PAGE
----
Ph.D Thesis


Ph.D StudentBaskin Chaim
SubjectDesigning Deep Neural Networks for Efficient and Robust
Inference
DepartmentDepartment of Computer Science
Supervisors PROF. Alexander Bronstein
PROF. Avi Mendelson
Full Thesis textFull thesis text - English Version


Abstract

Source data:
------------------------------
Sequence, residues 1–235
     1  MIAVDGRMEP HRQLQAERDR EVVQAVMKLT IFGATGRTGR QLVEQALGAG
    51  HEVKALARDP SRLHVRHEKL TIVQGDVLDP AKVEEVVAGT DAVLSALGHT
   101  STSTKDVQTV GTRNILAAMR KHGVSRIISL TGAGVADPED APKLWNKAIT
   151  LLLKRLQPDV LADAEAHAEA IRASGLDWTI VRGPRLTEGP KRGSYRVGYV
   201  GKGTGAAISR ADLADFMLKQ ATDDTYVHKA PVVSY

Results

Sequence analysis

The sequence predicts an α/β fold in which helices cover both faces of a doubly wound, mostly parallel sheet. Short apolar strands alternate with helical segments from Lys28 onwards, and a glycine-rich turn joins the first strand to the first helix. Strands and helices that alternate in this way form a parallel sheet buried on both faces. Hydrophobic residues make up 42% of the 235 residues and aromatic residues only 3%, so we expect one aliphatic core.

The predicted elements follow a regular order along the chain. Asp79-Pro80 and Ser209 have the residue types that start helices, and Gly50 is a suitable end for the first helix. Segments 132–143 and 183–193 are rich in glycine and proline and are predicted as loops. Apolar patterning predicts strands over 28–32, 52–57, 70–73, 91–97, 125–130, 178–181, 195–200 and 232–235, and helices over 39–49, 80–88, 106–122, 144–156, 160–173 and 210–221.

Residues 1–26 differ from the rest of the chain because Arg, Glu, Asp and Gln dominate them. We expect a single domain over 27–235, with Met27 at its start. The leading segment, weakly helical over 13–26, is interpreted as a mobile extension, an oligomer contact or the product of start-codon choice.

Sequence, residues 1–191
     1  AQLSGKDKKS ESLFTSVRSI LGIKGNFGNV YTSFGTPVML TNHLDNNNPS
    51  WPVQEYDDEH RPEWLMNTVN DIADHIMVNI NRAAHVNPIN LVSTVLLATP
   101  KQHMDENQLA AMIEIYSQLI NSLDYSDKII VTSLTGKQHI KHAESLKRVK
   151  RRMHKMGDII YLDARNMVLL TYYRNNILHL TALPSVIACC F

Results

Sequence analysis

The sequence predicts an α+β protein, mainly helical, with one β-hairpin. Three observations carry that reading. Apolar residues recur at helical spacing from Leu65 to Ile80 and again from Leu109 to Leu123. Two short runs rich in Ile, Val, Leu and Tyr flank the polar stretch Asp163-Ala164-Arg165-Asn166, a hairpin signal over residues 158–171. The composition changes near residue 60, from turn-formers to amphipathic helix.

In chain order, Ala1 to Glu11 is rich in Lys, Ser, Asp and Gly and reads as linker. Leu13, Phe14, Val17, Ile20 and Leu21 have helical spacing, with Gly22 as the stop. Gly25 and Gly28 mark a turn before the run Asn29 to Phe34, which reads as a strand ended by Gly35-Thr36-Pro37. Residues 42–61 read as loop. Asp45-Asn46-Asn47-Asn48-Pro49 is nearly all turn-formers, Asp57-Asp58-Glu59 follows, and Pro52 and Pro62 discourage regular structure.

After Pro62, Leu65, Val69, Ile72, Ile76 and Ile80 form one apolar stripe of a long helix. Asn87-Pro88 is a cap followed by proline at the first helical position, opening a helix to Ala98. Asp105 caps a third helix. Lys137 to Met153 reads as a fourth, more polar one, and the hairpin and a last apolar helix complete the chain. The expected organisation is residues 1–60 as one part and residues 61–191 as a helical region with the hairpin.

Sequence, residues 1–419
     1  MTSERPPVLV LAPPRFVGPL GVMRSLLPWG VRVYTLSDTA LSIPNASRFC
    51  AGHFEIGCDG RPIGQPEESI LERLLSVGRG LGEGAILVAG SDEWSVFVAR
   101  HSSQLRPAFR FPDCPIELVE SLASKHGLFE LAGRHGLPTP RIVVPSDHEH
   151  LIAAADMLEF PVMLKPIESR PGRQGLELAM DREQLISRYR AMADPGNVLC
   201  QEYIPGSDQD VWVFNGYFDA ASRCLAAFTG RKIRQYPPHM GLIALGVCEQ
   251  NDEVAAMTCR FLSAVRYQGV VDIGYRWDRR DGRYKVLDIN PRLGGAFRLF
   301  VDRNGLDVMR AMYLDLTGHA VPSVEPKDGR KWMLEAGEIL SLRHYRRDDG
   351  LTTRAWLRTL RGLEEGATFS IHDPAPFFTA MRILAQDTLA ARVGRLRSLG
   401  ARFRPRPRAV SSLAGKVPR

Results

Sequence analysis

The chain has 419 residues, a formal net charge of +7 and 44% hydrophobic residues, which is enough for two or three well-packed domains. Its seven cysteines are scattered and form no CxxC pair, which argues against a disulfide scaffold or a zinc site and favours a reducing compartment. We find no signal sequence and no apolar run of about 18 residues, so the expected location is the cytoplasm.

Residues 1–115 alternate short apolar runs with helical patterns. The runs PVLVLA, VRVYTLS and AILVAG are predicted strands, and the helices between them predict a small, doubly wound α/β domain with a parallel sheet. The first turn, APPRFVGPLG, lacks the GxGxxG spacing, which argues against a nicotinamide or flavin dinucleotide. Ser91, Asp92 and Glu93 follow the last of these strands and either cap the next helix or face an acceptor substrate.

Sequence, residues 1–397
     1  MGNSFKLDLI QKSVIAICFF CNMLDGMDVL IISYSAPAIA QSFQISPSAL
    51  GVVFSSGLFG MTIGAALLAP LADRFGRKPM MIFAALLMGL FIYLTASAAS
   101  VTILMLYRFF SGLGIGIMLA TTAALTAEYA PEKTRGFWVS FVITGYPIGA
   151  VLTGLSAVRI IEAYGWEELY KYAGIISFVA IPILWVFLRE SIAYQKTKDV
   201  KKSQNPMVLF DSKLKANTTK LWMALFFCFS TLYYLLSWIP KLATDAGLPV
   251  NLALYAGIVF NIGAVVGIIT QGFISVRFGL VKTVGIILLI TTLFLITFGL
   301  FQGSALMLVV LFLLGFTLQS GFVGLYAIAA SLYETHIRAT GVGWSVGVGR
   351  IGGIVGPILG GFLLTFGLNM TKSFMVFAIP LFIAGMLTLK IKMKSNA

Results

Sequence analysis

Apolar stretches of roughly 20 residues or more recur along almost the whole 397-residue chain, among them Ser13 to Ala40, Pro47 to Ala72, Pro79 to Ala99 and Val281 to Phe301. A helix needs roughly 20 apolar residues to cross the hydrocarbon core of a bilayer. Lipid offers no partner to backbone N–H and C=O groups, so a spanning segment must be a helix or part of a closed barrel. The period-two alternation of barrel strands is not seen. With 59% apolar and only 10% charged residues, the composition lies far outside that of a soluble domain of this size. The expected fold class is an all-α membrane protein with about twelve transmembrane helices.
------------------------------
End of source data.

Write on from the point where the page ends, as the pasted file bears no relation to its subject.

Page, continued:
Deep neural networks (DNN) have became a common tool for solving complex tasks in various fields such as computer vision, natural language processing, and recommendation systems. Despite the recent progress made in enhancing DNN performance, two major obstacles hinder their practical applicability in some applications: (i) their energy-expensive deployment on embedded platforms, and (ii) their amenability to malicious adversarial perturbations. In this thesis, we present our works focusing on different aspects of both these problems. Chapters 2 and 3 present a training-aware and post-training quantization approaches, which present the DNNs parameters and feature maps represented in fixed low-bit representations. Chapter 4 introduces  a neural architectural search that allows to find optimal quantization bitwidths of neural network parameters for given complexity constraint.   Chapters 5 and 6 present two entropy coding-based methods for reducing inference-time memory bandwidth requirements. The first method does not require any fine-tuning, while the second does and, in exchange, provides significant further bandwidth reduction with negligible additional complexity or accuracy reduction. Chapter 7 presents a simple framework that helps to design efficient hardware for quantized neural networks. In addition, in chapter 8 we show how quantization techniques can inspire new approaches to better cope with adversarial attacks, as well as demonstrate how an adversarially pre-trained classifier could boost adversarial robustness by smoothing between different levels of input noise. Finally, Chapter 9 introduces a simple single-node minimal attribute changing perturbation that can attack social graph-based DNNs, in a significantly more harmful way than the previously studied edge-based attacks.